Networked Media Open Specifications

[Work In Progress] Best Practice Authorization


This document specifies how to implement client authorization for the NMOS APIs.

This is based on best practice used for RESTful APIs, and is intended to promote a secure approach to interoperability.

Use of insecure communication (plain HTTP etc.) is forbidden within the scope of this document.

Implementation of BCP-003-01 is a recommended prerequisite to implementing this document.

Although security of web pages presented to users is also important, this is outside the scope of this document, which is concerned only with APIs.

The mechanism used to authenticate users of a system implementing these recommendations is out of scope.

Use of Normative Language

The key words “MUST”, “MUST NOT”, “REQUIRED”, “SHALL”, “SHALL NOT”, “SHOULD”, “SHOULD NOT”, “RECOMMENDED”, “MAY”, and “OPTIONAL” in this document are to be interpreted as described in RFC 2119.

Normative References

These appear at the end of the Markdown source for this document, and are referenced as hyperlinks within the main body.


See also the NMOS Glossary, and definitions within RFCs.


An HTTP / WebSocket API as defined in an AMWA NMOS Specification (IS-04, IS-05, IS-06, etc.)


The entity that is using the API, for example:

Protected Resource

Any part the API that is access restricted. This may apply to read (e.g GET) or write (e.g POST) operations.

Resource Owner

An entity capable of granting the client access to a protected resource. When the resource owner is a person, it is referred to as an end-user.

Resource Server

The entity that is providing APIs containing protected resources, for example:

Authorization Server

The server issuing access tokens to the client after successfully authenticating the resource owner and obtaining authorization.

Access Token

A short-lived JSON Web Token that may be used by a client to access privileged resources on the resource server.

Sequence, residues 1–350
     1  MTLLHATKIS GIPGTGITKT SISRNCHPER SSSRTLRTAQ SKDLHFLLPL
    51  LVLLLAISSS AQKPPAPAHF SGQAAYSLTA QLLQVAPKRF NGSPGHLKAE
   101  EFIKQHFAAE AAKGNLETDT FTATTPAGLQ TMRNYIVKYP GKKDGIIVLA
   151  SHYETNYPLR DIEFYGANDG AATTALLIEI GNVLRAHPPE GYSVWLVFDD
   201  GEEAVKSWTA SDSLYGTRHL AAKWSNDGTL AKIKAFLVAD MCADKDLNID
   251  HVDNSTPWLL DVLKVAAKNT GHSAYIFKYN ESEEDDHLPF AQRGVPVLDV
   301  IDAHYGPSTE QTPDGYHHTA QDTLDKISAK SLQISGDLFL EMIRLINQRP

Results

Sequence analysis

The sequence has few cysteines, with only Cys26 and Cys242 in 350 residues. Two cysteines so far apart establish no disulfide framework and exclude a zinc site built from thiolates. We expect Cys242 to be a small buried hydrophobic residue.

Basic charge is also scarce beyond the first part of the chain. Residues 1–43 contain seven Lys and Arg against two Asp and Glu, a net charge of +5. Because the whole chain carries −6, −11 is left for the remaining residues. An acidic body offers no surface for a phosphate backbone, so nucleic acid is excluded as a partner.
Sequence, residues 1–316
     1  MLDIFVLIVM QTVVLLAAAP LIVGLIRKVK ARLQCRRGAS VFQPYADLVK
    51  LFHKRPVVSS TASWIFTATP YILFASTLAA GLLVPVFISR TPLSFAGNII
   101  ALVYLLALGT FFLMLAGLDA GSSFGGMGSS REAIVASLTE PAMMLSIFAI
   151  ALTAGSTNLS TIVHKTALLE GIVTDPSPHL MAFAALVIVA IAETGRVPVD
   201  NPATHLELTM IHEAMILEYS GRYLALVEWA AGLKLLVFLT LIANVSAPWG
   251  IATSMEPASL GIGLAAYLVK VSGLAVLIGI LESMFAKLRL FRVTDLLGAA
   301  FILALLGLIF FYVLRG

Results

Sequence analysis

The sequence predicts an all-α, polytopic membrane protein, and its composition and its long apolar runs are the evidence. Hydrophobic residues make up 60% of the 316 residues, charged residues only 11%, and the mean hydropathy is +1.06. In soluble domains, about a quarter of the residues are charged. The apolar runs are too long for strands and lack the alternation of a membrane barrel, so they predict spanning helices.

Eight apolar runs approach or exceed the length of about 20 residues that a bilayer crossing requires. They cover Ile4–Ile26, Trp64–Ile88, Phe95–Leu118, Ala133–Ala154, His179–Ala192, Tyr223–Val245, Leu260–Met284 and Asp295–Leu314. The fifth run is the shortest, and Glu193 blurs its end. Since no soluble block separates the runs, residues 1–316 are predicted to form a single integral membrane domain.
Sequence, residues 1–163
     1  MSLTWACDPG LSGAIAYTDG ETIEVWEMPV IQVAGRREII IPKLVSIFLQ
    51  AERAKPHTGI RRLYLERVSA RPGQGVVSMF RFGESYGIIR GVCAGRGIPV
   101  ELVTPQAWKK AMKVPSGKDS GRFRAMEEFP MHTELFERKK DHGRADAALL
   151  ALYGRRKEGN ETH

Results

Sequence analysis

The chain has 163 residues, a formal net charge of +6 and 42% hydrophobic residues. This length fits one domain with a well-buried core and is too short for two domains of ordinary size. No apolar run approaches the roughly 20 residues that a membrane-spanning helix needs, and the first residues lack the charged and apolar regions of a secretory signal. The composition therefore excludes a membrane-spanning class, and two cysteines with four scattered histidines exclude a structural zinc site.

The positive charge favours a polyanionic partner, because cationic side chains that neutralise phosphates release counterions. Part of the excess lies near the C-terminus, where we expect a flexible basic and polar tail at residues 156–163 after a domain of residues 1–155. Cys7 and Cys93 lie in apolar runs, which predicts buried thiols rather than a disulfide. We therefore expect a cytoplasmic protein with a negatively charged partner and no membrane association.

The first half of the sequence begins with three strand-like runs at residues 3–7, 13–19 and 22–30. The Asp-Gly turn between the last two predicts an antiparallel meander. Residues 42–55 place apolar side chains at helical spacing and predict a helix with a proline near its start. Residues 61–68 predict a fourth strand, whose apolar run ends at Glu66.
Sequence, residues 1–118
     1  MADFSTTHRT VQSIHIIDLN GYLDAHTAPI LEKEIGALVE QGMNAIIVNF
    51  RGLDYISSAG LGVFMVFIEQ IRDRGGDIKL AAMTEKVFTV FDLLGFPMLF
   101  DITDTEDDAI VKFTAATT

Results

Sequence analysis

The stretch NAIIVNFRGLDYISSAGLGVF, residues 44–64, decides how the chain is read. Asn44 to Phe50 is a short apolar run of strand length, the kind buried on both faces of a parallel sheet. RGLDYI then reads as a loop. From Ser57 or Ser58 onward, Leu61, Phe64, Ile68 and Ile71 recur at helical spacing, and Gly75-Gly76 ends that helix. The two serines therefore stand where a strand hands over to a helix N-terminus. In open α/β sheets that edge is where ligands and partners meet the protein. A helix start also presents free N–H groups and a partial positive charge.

Bearer Token

Bearer tokens are longer-lived than access tokens. They are passed from the Authorization Server to the client after successful authentication of client credentials, and contain an access token. Bearer tokens can be used to retrieve further access tokens from the Authorization Server once the original access token expires.

Introduction (informative)

This document covers client authorization, the mechanism by which an AMWA NMOS API Resource Server may verify that a client accessing it has the privileges required to access or modify some or all of the content using the API.

This document is not concerned with the security of the connection used to carry out authorization or subsequently authorised interactions, but for the authorization mechanisms described in this document to be effective the connection used must be secured, ideally using the recommendations covered in BCP-003-01.

The client authentication mechanism described in this document is based on the OAuth 2.0 Authorization Framework RFC 6749. In particular JSON Web Tokens are used as the OAuth 2.0 Bearer Tokens and for client authorization as per RFC 7523.

Authorization Flow (informative)

A simplified illustration of the authorization flow is shown below. The API client, in this case a broadcast control system, provides the client’s credentials to the Authorization Server, which verifies them. The mechanism used to verify client credentials is out of scope for this document, but may involve widely used authentication technologies such as a corporate Single Sign On, Kerberos or Microsoft Active Directory for example.

In its request, the client will also indicate what privileges it wants included in a token. If the Authorization Server concurs that a given client may be permitted the privileges requested, it will grant a Bearer Token containing an Authorization Token whose “claims” include the requested privileges.

The client uses the Authorization Token it has been issued with when it makes requests to protected resources on the Resource Server. The Resource Server then validates the token, using the public key of the Authorization Server. If the Resource Server finds that the token is valid for the protected resource to be accessed, it will allow the API request to proceed.

Authorization Flow

Tokens are signed using a long-lived private key held by the Authorization Server. The Authorization Server makes available its public key to Resource Servers, to allow them to validate tokens using that key.